Wikipedia:Argue, don't opine

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Many discussions on Wikipedia often include many statements of opinion that the participant expects to be accepted as fact. This is an example of ipse dixit ("He, himself, said it"), also known as the bare assertion fallacy, a term used to identify and describe a sort of arbitrary dogmatic statement which the speaker expects the listener to accept as valid.[1]

In this collaborative, consensus-based project, it is the persuasion of others that steers discussions towards consensus. It is the merits, logic, and reliable references to an argument that make it persuasive. Unless you are a person of considerable personal influence, mere assertion of opinion or alleged fact is not very persuasive to others to change their thinking.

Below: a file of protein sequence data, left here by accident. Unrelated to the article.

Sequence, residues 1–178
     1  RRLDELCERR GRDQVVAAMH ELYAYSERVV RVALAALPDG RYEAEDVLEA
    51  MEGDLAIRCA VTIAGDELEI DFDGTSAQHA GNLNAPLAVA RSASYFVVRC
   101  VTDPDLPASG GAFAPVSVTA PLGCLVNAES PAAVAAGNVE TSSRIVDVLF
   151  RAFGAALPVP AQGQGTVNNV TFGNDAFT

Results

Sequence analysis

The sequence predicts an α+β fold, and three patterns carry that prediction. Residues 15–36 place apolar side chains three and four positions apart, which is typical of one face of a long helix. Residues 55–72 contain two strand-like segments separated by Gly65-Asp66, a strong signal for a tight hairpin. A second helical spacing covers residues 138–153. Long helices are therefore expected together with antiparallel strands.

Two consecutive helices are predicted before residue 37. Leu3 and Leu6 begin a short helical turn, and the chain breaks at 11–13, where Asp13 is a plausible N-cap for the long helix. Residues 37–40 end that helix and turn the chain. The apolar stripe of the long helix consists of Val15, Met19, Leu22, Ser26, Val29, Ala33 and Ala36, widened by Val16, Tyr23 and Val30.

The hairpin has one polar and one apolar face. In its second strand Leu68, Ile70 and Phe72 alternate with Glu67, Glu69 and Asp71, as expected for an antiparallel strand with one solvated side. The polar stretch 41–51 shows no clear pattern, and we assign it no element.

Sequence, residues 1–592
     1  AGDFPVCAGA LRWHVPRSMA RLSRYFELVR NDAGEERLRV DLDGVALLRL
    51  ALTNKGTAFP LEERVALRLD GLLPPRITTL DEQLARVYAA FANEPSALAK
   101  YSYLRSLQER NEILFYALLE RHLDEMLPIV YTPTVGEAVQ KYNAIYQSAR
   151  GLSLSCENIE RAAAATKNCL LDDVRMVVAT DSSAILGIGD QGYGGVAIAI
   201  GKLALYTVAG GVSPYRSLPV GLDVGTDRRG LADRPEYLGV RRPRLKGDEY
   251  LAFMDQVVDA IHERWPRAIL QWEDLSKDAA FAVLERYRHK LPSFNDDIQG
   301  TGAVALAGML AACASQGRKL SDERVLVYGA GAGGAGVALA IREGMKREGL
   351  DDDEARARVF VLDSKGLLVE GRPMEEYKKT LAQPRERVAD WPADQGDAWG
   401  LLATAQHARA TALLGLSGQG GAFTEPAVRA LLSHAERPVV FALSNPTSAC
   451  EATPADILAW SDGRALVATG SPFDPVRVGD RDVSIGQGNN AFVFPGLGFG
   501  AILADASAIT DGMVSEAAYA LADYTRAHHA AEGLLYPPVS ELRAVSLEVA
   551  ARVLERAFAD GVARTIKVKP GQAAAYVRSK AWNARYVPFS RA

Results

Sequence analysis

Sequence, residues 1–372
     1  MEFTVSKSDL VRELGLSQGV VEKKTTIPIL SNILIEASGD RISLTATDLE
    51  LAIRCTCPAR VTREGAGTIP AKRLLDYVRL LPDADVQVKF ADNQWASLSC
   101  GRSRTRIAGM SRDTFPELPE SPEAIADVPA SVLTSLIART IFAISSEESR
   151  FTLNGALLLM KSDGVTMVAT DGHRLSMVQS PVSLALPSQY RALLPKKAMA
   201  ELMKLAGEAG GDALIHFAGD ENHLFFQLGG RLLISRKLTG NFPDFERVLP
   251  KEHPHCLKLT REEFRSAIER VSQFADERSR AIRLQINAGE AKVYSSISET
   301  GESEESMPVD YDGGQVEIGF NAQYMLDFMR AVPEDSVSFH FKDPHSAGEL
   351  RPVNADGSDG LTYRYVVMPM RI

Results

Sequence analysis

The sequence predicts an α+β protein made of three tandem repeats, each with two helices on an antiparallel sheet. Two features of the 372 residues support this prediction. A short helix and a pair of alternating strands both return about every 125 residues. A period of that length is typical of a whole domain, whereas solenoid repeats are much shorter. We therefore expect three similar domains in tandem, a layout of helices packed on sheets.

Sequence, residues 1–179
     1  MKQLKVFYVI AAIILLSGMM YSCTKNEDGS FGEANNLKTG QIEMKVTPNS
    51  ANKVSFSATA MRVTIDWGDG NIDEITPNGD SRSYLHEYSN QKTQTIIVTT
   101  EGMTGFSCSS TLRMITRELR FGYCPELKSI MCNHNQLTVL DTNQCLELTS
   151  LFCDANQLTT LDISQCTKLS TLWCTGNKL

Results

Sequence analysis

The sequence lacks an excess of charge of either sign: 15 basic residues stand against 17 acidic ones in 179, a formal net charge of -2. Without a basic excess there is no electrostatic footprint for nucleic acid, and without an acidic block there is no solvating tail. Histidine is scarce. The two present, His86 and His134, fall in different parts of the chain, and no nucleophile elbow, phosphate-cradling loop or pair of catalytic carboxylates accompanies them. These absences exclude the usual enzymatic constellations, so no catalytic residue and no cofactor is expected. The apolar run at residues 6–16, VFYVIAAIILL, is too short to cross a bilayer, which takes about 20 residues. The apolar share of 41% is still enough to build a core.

What matters are conclusions demonstrated to be well supported by good strong arguments comprised of facts, references, reasons and reasoning. In a discussion, don't tell us what or especially who you agree or disagree with. Instead, tell us what arguments persuade you and why.

See also[edit]



  1. ^ Whitney, William Dwight. (1906). "Ipse dixit," The Century dictionary and cyclopedia, pp. 379-380; Westbrook, Robert B. "John Dewey and American Democracy," p. 359.